Plant types and subtypes: Ferns
Light Requirements: part-shade, shade
Water Use: medium, high
Soil Moisture: moist, wet
Soil Description: acid, neutral, rich, average, loam, clay, sand
Leaf Color: green
Hardiness Zone: 3, 4, 5, 6, 7
Additional Tags: clumping, colonizing, naturalizing, ornamental foliage, pond margin plant, shade garden plant, stream margin plant, wetland plant, woodland plant
Pricing & Availability
Osmunda claytonianaAlso known as:
Reaching a height of 4 feet or more, Osmunda claytoniana maintains a vase-like appearance. The center leaflets of the fronds are fertile and fall off once the spores have matured. It is the gap in the fronds, created by the missing fertile leaflets, that gave rise to the common name interrupted fern.
Though the interrupted fern does best in a wet and rich environment, it is tolerant of a wide variety of soils and dryer conditions. Its light green color can be used effectively to brighten up a shade garden. It is easy to grow and will not become invasive. Zones 3-7
Divide established clumps in spring or fall. May also be propagated by spores.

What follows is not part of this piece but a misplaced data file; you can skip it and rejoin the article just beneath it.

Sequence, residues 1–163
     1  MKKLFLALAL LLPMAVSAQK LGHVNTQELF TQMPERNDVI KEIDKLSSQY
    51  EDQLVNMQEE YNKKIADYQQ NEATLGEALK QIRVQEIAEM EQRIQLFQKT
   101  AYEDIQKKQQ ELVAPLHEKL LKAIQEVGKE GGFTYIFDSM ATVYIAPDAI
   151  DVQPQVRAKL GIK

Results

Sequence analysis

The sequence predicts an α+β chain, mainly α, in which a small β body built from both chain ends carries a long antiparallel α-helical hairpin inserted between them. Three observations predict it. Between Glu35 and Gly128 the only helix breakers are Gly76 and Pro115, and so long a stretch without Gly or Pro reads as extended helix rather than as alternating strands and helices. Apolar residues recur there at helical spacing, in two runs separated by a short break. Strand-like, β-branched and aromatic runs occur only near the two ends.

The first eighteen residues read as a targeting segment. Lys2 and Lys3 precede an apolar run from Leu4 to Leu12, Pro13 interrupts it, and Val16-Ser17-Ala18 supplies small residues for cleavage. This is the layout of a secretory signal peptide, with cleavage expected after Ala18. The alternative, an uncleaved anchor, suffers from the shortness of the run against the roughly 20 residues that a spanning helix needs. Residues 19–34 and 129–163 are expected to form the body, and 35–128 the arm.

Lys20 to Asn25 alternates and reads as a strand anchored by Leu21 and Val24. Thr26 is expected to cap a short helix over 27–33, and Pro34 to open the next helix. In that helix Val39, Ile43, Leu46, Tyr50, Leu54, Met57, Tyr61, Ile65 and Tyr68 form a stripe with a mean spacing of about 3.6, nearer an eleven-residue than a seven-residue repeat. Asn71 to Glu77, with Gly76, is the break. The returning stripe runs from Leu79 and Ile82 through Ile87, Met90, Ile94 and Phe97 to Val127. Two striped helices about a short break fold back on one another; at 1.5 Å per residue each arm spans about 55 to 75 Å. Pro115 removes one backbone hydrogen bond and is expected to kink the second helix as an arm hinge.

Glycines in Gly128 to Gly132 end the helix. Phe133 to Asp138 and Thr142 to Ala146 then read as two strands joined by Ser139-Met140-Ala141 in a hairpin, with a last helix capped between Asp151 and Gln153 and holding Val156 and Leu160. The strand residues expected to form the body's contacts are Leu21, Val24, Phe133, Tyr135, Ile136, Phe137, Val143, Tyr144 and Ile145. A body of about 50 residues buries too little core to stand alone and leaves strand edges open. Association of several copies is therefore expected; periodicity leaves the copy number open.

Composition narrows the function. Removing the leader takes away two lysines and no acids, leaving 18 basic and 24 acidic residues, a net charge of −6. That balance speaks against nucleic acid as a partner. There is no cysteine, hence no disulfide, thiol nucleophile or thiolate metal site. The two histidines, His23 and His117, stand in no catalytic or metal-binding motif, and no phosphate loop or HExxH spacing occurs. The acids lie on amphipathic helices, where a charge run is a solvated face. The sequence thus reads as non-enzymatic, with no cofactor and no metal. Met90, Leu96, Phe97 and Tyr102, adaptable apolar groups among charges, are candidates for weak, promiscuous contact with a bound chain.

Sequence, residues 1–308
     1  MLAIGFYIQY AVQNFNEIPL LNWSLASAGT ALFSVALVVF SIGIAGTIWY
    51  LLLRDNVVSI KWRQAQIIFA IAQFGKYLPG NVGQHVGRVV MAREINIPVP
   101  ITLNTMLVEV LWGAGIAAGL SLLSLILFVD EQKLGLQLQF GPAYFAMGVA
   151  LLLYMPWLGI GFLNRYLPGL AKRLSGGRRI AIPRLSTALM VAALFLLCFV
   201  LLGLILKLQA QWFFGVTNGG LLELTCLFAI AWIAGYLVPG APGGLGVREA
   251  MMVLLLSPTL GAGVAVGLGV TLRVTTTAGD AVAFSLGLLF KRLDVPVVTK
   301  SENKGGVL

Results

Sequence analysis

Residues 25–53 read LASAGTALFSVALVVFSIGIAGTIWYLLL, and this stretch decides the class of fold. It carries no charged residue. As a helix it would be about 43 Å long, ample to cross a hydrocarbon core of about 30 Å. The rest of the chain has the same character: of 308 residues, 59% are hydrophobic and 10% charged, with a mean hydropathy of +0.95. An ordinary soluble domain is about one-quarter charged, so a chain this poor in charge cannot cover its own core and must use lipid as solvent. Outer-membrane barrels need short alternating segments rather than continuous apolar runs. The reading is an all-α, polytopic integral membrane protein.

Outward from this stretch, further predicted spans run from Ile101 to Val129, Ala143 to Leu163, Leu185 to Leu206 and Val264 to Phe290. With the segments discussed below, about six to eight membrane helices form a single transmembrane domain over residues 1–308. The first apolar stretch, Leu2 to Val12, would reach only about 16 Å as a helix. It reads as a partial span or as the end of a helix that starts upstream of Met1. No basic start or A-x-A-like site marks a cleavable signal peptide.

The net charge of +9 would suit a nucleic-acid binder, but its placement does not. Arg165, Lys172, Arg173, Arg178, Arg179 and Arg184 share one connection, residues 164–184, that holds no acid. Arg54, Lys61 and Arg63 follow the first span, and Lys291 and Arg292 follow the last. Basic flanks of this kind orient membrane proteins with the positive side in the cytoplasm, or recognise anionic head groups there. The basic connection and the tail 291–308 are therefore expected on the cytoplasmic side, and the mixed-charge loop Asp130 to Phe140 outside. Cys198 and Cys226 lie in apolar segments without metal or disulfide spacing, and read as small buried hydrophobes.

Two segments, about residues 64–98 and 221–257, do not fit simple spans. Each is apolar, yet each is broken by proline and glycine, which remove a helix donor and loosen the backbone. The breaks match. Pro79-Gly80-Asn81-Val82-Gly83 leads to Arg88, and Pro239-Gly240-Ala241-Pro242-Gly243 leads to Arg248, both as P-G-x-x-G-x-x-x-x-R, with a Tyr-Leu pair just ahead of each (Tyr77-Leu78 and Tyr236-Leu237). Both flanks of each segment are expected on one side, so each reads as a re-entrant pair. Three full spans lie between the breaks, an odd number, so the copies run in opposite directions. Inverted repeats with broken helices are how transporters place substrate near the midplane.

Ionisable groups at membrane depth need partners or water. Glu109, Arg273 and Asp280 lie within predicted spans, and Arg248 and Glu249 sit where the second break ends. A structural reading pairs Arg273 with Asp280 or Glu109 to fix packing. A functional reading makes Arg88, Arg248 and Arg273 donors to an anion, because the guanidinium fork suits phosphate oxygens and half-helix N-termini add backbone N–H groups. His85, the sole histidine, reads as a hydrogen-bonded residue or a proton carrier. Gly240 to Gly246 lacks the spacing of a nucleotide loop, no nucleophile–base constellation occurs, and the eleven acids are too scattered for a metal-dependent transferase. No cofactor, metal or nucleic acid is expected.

Osmunda claytoniana , or interrupted fern, has the oldest known fossil record of any living fern in the world. It has been around for about 200 million years. Like other members of this genus, this fern produces a fiber (osmunda) which is favored by birds as a nesting material, and has also been collected as a potting medium for orchids.
Native Range & Classification
Recorded County Distribution: USDA data
AL, AR, CT, DC, DE, GA, IA, IL, IN, KY, MA, MD, ME, MI, MN, MO, MS, NC, NH, NJ, NY, OH, PA, RI, SC, TN, VA, VT, WI, WV
USDA Endangered Status:
- Exploitably Vulnerable: NY
- Threatened: AR
|Family||Osmundaceae||Royal Fern family|
|Species||Osmunda claytoniana||interrupted fern|